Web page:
Weekend Blues

When in doubt insult Arsenal

Welp, Spurs went down in a rudderless, gutless performance away to Everton. Third loss on the trot. First time since Harry Redknapp took over for Juande that that’s happened. I’m not sure what to say except that I am mystified as to why Harry prefers Luka on the left and Bale on the right when shorn of Lennon’s pace. Rather than putting Rafa or Niko out there on the right to at least keep part of our shape we instead end up having three of our best player’s either out of position or out with injury. It make’s no sense and the past three matches have proven that Tottenham don’t play well in formations that don’t make sense.

In terms of what has made sense this weekend, I just finished Tyler Cowen’s The Great Stagnation. Basically we need more science, people. SCIENCE. Adjusting tax rates either upwards or downwards will do little to fix our economy either way and may just make things worse (I still think we ought to raise taxes back to pre-Bush levels but whatever). The point is, Cowen argues that there is no silver bullet that new policies or politics will create to get our economy humming again. Well, shit. That said, I guess we ought to all feel fortunate that we have low-paying jobs to be overworked doing.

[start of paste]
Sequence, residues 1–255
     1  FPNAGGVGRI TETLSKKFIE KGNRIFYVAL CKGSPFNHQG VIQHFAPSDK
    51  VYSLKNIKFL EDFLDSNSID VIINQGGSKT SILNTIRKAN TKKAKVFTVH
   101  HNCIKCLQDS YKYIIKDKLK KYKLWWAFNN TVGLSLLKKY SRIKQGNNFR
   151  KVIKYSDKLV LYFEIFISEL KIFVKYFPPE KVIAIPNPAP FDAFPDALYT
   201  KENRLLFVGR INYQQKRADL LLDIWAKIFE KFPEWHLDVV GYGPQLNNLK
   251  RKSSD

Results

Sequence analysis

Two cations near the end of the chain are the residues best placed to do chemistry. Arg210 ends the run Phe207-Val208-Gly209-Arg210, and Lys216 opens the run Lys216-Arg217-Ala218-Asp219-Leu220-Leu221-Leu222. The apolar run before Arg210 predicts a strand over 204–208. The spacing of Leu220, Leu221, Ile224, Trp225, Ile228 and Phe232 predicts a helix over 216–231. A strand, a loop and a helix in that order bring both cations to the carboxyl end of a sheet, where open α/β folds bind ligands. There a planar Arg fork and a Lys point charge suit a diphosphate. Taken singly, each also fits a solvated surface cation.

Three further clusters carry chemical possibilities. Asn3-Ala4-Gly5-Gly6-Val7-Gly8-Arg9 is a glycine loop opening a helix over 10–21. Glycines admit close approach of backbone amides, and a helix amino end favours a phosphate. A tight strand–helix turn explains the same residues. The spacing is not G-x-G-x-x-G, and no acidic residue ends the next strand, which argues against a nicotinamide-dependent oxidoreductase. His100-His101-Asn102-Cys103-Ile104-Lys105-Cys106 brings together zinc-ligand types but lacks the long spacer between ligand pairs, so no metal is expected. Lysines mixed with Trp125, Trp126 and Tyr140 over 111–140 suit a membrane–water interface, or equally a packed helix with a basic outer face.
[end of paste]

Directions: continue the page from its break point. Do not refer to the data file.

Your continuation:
So it goes. I’m off to help me mum purchase a new fridge.

I also reread the last chapter of For Whom The Bell Tolls last night cuz I couldn’t fall asleep. That Hemingway makes dying in combat sound oh so honorable. Since Spurs are dying a slow death as we speak, I decided to write about it in my most Hemingwayesque voice:

We knew the regiment was outmanned and outgunned. As the mortar fire crashed down from Everton guns, we clutched out rifles and uttered curses or prayers. The pitch was soft and Bale’s uniform was green and black with it. Parker looked unworried as he usually did and he fired his rifle impressively in an orderly and rhythmic fashion. Ledley was yelling directions I could not here. His arm pointed out at nearby a ridge. Walker and Benny were at either edge of our line, spraying fire down at the enemy. Defoe had taken a few down with potshots, but was pinned behind a tree while Rafa drew their fire with a few errant shots and a grenade. We were out of it. We knew it. Defeat was in each man’s eyes. Scott Parker’s grim determination was scant consolation as the enemy closed in around us.

So that’s that.